The plan went badly wrong. It is difficult to decide which was worse, the remain campaign or the leave campaign. For a number of reasons, a slim majority voted to leave the EU. Cameron promptly resigned, and the Tory Grandees elected May -or rather crowned her- leader of the Conservative and Unionist party. For her, this was to prove a poisoned chalice.
For calculated party political reasons May decided to call an unnecessary general election. Ostensibly the reason given was to provide her with a clear mandate to conduct the Brexit negotiations. In reality, unlike earlier Tory Prime Ministers, she was now experiencing difficulty controlling those Tory MPs who were against Brexit. With the polls telling her she would win a resounding victory, she obviously reasoned that this would once and for all silence those backbenchers and cabinet members who were opposed to official Conservative policy. Is this beginning to sound a little like history repeating itself?
Once again the campaign was badly botched.
1) having trumpeted her merits as a ‘strong and stable leader, following the publication of the manifesto she promptly executed several spectacular U-turns when opinion polls indicated several items in said manifesto were deeply unpopular.
2) having been told the repeated mantra of being a ‘strong and stable leader’ was beginning to wear thin with the electorate, she-or perhaps her advisers-came up with a new one. Brexit means Brexit. When pressed, she was unable to say exactly what this meant, apart from the obvious – it meant Brexit.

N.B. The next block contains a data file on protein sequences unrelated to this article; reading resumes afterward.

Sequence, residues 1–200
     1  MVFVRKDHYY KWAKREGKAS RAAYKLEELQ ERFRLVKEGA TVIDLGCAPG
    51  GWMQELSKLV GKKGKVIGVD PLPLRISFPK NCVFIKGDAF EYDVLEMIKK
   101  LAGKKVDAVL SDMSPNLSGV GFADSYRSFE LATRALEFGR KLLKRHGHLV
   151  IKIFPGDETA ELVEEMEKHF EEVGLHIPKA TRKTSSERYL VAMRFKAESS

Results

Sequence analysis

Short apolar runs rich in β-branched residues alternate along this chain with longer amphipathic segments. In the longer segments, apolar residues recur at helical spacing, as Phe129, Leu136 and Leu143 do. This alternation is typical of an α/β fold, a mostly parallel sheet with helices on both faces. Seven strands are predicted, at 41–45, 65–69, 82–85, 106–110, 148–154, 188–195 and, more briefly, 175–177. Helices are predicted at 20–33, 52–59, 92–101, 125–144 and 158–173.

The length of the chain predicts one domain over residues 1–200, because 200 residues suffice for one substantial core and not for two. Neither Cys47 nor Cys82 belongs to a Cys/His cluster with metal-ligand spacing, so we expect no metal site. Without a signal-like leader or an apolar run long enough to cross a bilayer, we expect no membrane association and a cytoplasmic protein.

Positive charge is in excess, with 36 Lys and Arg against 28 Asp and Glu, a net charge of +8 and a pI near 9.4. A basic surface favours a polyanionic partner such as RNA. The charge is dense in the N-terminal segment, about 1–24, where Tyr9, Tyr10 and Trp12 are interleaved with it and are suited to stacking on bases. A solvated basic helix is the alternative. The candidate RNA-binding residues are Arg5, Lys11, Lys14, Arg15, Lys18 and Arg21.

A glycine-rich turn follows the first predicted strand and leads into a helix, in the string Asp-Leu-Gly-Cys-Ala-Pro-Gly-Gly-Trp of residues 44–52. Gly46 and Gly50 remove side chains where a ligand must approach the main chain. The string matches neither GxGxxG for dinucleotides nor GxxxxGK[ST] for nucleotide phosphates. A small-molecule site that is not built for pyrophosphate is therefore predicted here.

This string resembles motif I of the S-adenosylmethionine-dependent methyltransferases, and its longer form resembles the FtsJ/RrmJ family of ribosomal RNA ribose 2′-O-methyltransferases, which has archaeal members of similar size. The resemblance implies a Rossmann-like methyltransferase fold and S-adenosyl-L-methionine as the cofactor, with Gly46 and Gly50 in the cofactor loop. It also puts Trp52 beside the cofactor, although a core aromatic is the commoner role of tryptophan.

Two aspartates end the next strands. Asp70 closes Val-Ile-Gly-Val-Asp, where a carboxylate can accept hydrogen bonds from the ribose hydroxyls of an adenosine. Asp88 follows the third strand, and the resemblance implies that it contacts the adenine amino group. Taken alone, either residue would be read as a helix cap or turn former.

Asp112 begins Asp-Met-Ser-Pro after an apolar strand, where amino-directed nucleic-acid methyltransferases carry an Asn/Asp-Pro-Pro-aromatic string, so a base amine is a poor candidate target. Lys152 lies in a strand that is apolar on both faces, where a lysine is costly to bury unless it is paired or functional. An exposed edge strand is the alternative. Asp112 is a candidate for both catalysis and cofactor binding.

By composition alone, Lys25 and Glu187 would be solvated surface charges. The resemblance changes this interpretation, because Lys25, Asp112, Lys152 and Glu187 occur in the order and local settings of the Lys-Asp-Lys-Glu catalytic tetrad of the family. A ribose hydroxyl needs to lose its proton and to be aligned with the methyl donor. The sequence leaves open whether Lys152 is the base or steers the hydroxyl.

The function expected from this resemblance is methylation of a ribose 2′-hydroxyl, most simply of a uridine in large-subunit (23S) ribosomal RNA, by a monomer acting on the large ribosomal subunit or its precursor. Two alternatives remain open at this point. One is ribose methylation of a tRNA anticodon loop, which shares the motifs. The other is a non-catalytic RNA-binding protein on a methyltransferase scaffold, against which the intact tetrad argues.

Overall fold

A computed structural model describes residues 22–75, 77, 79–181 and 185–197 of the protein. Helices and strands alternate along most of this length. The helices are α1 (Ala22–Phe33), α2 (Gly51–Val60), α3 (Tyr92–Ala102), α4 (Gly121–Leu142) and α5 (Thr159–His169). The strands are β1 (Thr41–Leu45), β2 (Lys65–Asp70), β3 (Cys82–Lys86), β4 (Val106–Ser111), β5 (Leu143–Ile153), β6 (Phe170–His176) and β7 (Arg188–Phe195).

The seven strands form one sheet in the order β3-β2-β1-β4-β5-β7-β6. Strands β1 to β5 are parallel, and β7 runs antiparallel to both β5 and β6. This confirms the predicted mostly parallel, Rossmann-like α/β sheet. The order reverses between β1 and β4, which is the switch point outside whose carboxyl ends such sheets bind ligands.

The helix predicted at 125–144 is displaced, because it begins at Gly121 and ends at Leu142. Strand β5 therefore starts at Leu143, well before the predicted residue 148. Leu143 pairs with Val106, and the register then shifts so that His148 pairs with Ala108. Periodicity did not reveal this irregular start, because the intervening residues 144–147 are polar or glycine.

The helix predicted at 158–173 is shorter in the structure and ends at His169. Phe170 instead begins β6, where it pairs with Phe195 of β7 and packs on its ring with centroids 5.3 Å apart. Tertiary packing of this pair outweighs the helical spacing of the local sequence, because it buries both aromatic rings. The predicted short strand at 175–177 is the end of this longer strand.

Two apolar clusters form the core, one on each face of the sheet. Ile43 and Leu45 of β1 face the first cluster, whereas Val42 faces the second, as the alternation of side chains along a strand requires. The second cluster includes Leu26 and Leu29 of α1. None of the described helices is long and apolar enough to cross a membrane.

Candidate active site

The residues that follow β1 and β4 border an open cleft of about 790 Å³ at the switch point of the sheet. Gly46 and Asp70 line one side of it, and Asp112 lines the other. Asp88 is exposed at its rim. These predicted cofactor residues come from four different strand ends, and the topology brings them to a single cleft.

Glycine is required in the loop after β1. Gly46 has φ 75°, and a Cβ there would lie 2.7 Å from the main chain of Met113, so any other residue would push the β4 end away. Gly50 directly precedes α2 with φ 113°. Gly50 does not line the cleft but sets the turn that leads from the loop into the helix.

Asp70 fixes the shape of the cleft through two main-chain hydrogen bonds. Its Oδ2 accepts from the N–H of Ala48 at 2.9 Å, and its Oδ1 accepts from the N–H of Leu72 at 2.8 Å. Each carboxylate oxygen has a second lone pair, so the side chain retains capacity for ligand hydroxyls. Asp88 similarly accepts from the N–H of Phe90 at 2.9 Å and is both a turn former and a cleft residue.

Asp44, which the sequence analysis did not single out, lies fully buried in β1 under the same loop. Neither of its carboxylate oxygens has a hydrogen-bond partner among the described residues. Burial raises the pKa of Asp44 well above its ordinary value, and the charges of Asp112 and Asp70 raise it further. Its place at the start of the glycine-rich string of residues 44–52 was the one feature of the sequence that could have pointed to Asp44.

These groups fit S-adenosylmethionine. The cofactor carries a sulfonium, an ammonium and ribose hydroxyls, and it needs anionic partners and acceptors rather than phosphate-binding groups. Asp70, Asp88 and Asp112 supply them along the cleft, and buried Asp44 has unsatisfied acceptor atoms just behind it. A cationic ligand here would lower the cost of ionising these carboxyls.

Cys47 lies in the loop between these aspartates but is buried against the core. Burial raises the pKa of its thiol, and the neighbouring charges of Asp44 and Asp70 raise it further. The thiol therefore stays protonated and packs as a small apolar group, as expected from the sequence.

3) either she or some backroom genius came up with the slogan, ‘No deal is better than a bad deal’. Just possibly this was one of the final nails in the coffin. It thoroughly alarmed those who would have preferred to remain in the EU, but had just about accepted the UK was on the way out.
By now virtually all the pensioners in this country were thoroughly alarmed by the prospect of reduced pensions in the future, and when after a spectacular U-turn on the question of capping payments for care, they were told that if they found themselves in a position where they had to pay for their own care, she would graciously allow them to keep the last hundred thousand pounds to leave to their families, and they would not have to sell the family home whilst one spouse was still alive, that was just about the end of the story.